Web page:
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Virus induced gene silencing (VIGS) is one of the most potent reverse genetics technologies for gene functional characterisation. This method exploits a dsRNA-mediated antiviral defence mechanism in plants. Using this method allows researchers to generate rapid phenotypic data in a relatively rapid time frame as compared to the generation of stable transformants. Here we describe a simple method for silencing a target gene in barley seedling leaves using vectors based on the Barley Stripe Mosaic Virus (BSMV).

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Virus-induced Gene Silencing (VIGS) in Barley Seedling Leaves

Plant Science > Plant molecular biology > RNA > Transcription
Authors: Lokanadha R. Gunupuru
Lokanadha R. GunupuruAffiliation: Molecular Plant-Microbe Interactions Laboratory, School of Biology and Environmental Science, University College Dublin, Dublin, Ireland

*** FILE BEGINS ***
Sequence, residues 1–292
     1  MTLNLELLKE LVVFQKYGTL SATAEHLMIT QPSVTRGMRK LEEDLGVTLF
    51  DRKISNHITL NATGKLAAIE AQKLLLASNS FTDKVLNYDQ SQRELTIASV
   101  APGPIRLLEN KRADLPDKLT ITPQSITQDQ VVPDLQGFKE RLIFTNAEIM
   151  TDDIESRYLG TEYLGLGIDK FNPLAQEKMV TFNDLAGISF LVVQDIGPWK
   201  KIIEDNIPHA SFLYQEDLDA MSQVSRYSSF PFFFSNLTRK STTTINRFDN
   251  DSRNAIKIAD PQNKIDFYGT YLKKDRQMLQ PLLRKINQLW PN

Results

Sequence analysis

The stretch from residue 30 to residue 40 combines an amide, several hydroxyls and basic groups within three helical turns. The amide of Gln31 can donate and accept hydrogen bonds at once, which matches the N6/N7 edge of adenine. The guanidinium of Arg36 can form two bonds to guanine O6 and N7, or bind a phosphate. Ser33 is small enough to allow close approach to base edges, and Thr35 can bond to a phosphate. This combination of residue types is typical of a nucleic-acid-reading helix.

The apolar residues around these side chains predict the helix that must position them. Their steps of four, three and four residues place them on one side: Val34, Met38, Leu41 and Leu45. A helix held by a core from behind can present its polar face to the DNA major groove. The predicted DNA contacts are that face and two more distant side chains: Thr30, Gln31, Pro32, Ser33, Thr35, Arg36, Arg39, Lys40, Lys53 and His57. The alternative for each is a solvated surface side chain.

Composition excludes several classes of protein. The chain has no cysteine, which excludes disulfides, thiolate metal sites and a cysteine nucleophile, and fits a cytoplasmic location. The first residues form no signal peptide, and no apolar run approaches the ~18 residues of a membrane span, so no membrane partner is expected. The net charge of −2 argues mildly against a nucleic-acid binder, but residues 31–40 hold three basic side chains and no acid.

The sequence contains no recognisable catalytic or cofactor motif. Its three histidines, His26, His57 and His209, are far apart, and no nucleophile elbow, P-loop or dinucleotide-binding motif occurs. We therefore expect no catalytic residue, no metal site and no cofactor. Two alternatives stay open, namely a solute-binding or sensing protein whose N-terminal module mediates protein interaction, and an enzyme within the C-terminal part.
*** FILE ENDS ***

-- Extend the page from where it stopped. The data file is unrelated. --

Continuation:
Bio-protocol author page: a2306
Shahin S. Ali
Shahin S. AliAffiliation: Molecular Plant-Microbe Interactions Laboratory, School of Biology and Environmental Science, University College Dublin, Dublin, Ireland
Present address: Sustainable Perennial Crops Laboratory, USDA/ARS, Beltsville Agricultural Research Center-West, Beltsville, USA
For correspondence: shahinsharif.ali@gmail.com
Bio-protocol author page: a2307
Fiona M. Doohan
Fiona M. DoohanAffiliation: Molecular Plant-Microbe Interactions Laboratory, School of Biology and Environmental Science, University College Dublin, Dublin, Ireland
Bio-protocol author page: a2308
 and Steven R. Scofield
Steven R. ScofieldAffiliation: USDA-ARS, Crop Production and Pest Control Research Unit and Purdue University, Department of Agronomy, West Lafayette, USA
Bio-protocol author page: a2309
Vol 5, Iss 12, 6/20/2015, 1689 views, 0 Q&A, How to cite
DOI: http://dx.doi.org/10.21769/BioProtoc.1506